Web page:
Lawns get a bad press, vilified as a monoculture which sucks up time and energy, while acting to bolster (mainly male) vanity.
Nevertheless, the RSPB wants us to preserve our lawns, however small, as their disappearance under decking and landscaping may be a reason for the decline in our small-bird population. The RSPB site offers guidance on lawn care, from planning and creating one to basic and advanced management. Their advice won’t appeal to you if you have aspirations to grow the next venue for Crown Green Bowling, but for anyone who needs an excuse for a scruffy lawn, this is it.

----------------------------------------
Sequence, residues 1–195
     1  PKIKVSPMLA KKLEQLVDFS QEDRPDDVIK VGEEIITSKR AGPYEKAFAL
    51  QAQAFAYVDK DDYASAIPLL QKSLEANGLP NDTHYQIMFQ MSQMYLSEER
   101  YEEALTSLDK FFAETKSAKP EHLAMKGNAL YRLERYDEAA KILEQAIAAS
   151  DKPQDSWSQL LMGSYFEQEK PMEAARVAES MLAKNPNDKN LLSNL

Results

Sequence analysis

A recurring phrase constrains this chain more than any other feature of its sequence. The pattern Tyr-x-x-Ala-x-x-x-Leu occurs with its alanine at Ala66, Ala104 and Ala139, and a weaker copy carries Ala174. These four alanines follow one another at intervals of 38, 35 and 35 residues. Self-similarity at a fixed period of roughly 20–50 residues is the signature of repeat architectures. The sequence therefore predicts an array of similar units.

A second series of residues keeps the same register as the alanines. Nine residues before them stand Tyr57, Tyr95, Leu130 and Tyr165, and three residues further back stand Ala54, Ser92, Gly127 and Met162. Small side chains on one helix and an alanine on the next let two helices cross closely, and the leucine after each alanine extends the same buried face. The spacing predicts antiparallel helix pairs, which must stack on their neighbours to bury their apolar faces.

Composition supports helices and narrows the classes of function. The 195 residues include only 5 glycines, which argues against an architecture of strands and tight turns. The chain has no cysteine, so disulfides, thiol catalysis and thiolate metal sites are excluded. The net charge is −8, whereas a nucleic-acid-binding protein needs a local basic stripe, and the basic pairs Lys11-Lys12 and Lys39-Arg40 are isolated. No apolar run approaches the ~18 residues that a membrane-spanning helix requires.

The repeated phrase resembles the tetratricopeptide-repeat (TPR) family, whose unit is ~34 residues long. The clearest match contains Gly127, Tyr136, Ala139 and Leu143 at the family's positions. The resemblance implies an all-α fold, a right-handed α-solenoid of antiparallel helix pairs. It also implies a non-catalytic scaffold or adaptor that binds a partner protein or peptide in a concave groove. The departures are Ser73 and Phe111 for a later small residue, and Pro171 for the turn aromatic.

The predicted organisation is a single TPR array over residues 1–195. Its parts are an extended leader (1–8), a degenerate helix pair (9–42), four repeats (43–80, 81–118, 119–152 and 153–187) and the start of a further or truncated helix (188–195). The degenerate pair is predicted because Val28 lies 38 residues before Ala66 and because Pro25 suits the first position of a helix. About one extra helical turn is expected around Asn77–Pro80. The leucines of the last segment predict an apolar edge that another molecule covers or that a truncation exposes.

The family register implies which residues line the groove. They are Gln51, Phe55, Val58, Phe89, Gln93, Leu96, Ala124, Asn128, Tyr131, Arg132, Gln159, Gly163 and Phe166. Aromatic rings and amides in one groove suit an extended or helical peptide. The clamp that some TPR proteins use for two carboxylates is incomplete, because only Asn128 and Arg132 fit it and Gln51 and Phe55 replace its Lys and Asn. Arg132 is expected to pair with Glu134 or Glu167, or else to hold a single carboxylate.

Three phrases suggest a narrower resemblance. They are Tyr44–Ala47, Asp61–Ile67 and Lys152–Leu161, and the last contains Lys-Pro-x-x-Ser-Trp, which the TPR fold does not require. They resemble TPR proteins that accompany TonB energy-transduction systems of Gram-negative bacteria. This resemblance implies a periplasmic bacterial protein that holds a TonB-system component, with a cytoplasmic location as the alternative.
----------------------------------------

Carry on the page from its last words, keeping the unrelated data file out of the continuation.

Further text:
One of the easiest way to make a lawn more friendly to wildlife (and cut down on the work) is “two-thirds cutting”, a mowing pattern which helps prevent build-up of thatch and nutrients, while leaving an annual area of longer grass in which insects can thrive.
And don’t worry about those bare patches (greenkeepers, look away now). These are sometimes caused by cockchafers and cranefly larvae – yummy for birds, who also like to dust bathe on the patches, alongside insects who visit to bask in the sun while small annuals such as plantain get a root hold on the bare soil.
I’m feeling better about my ragged patch already.
For information on where to find the right lawnmower, see Is Your Lawnmower up to the Job?